|Must be About Milking Time!|
|The Big Orange|
|JOHN DEERE 60|
Later in the summer we would mow acres and acres of alfalfa to let it dry before chopping it with a forage harvester behind the D-17. The alfalfa would be chopped up and blown into wagons towed behind the chopper. This could be a real train and a handful on some steep hill-sides.
We shuttled the wagons back to the barn where they were unloaded into a blower that blew it up a pipe into a silo. For a while we had no automatic silo unloader - so come feeding time I would climb the rungs of the 80 foot silo and get on top of the silage and throw it down a chute with a pitch fork! The first time I went out to do this after lunch I had just climbed into the top of the silo and Dave came running out and scrambled up the silo to get me out. I was not aware that the fermenting alfalfa creates a toxic gas. He had realized where I was going and saved my butt!
|Those Beautiful Gentle Faces|
Much of the Alfalfa was mowed and then raked into windrows to be baled. Many evenings Cindy would drive the tractor pulling the hay wagon with Pete in her lap. No fancy big round bales, but very heavy square bales which we picked out of the field with hay hooks and stacked on flat hay wagons. Dave, Sam and I always competed to see who could stack the highest load. There was more than one time that a wood-chuck hole in a field would bring a load tumbling down.
|Watch Out For Chuck Holes|
Most days we were working from around 5AM 'til 9PM at night. We worked every day but sometimes took Sunday afternoons off for a family get-together. Of course we had to get back for evening milking! Often we were working zombies! I recall "napping" on a tractor while disking or mowing on a hot and dusty afternoon.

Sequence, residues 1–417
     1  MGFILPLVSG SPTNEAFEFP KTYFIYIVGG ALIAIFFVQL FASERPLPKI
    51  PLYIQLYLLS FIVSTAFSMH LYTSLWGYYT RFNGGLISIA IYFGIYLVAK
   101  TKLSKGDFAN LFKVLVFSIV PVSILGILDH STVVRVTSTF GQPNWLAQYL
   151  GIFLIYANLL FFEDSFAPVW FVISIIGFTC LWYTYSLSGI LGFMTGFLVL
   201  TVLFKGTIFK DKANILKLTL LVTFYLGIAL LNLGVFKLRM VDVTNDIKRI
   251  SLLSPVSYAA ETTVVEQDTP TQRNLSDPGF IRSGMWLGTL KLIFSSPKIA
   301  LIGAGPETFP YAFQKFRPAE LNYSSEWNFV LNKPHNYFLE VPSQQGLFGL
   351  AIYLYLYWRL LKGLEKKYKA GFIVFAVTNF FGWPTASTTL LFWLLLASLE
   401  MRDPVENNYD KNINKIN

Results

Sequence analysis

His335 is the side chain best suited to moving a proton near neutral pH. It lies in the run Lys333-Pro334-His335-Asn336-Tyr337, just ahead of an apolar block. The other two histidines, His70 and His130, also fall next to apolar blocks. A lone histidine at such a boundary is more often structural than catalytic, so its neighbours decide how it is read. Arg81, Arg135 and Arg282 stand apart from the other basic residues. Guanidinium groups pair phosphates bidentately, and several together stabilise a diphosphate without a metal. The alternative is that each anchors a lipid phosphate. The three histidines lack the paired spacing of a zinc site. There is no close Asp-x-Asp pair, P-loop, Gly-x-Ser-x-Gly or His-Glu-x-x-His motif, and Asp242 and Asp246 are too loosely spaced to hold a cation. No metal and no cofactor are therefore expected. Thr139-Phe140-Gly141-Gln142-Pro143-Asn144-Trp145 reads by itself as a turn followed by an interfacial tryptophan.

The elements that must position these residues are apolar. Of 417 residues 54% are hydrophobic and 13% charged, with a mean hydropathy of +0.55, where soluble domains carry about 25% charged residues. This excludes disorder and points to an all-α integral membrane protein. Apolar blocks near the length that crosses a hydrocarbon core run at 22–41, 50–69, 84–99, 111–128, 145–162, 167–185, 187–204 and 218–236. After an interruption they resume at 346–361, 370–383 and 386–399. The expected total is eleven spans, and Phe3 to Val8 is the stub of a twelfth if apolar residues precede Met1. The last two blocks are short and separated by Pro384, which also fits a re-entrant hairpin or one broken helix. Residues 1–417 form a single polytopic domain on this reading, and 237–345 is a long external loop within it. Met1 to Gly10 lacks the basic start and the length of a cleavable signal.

Another thing about farming is you are always braking things. A mower hits a hidden fence post in a field or a power-take-off shaft gets bent while backing a wagon. So we spent a lot of time fixing things. I learned a bit about welding and the value of keeping moving equipment greased and adjusted. Dave could fix anything.
Cows are wonderful - huge but gentle. Each knows her own stanchion so when it is milking time she will come into the barn and go to her spot to be milked and fed. There is nothing quite as nice on a cold winter morning as snuggling your shoulder up against the warmth of the cow as you put the milkers on her udder. We loved and were proud these animals; most every one had a name. We groomed them and often washed their tails in buckets of warm soapy water.
As I said this was the greatest job I ever had. I will never forget these times, these animals, and most of all the family that took me in as one of their own.